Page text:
How do I ensure the issue is fixed?

Monitor your CTR, site traffic, and ad revenue after applying the above changes. If they’re back to normal, then you should be good to go.

Important Note: For your testing, do not click the ads on your site to see whether you have the Visit Site overlay. Clicking on your own ads is against Google’s policies and is considered an Invalid Click.

So, what did we learn?

When Google thinks people are accidentally clicking on your ad, they add an additional validation layer to the process to confirm that a real person meant to click the ad.

This can be problematic for publishers as it provides another obstacle for site visitors when they intend to reach your advertiser’s final destination. When Google initiates Confirmed Clicks on any given site, publishers have noted a decrease in their impression[6] rate which negatively affects their CPM and ad revenue.

In order to mitigate Confirmed Clicks, follow Google’s official suggestions to improve UX and decrease the chances of accidental clicks on your site.

Watch your site traffic and CTR while Google crawls your website. If you see your CTR and site revenue climb back, there’s a good chance your ads no longer have the extra validation layer.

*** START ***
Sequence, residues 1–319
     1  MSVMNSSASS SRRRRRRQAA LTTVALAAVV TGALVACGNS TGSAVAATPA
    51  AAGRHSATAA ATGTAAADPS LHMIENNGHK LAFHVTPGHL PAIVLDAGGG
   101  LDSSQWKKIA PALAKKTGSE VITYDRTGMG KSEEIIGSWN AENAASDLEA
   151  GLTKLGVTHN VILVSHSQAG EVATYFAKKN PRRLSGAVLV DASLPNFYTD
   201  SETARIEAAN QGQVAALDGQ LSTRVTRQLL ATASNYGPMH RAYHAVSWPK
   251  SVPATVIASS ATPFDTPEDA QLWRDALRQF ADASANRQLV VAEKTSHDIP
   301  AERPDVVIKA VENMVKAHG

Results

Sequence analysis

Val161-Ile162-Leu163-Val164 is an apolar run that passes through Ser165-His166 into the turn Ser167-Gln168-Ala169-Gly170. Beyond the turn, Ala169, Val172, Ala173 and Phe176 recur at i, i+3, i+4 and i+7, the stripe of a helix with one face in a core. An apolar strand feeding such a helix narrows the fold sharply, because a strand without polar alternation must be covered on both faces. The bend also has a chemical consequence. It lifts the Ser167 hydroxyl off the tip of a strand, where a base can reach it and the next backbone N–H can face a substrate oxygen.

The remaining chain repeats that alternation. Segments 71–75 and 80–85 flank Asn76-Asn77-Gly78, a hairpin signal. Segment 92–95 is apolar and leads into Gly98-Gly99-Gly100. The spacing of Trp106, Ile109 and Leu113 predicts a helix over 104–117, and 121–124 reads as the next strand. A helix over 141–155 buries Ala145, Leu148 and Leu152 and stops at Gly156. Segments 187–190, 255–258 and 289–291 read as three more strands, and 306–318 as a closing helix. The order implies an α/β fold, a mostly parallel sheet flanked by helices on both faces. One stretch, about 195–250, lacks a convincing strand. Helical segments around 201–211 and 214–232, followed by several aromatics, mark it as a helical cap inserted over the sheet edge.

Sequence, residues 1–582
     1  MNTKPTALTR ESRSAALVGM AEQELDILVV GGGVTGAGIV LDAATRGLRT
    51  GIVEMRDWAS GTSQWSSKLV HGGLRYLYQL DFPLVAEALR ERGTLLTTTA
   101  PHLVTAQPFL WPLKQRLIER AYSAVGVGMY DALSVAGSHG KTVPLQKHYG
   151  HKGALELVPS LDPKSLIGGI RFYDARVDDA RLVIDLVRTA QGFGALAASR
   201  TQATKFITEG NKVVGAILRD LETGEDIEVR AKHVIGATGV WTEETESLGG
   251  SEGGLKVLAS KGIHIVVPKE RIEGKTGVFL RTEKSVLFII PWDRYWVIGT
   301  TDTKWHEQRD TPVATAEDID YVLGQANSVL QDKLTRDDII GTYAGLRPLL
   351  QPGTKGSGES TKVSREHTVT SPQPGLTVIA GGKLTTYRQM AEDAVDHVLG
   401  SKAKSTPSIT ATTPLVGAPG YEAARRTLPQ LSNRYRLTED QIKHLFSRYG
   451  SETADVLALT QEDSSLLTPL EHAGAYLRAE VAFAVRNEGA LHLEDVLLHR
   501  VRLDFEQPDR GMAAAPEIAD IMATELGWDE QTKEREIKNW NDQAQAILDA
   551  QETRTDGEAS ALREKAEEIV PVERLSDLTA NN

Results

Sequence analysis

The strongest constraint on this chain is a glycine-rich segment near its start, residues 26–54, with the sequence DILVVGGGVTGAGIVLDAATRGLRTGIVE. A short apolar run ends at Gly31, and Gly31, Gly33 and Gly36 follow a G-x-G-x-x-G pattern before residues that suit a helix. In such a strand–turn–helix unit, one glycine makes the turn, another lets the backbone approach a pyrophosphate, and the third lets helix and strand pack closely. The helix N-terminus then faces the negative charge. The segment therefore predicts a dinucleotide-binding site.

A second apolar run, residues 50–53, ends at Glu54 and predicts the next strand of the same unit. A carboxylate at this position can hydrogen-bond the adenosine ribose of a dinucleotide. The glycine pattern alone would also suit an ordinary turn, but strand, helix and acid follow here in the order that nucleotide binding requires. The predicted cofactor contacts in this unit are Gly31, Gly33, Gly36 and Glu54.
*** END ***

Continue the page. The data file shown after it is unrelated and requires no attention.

In the event that following the official suggestions and diversifying your demand partners does not help your CTR, it’s time to take a look at your site traffic and click quality.

Mitigate Confirmed Clicks by partnering with Freestar. Gain access to 30+ premium partners to increase your pool of demand partners. Learn more by reaching out to our team today.

1. Click-Through-Rate [CTR] ( CTR ) CTR relates to how many times users clicked on an ad divided by the number of times that ad was displayed to users.
2. Cost Per Mille/Thousand [CPM] ( CPM ) Cost per mille, or thousand (mille = thousand in Latin). A pricing model in which advertisers pay for every 1000 impressions of their advertisement served. This is the standard basic pricing model for online advertising. See also CPC and CPA.
3. advertiser. The company paying for the advertisement.
4. display ads. Display ads are a term used for traditional banner advertisements that serve on mobile or desktop web pages. Like video ads, many variations, types, and sizes exist.
5. above the fold. Typically the upper half of a website or any part a user can view without having to scroll down. Automatically viewable.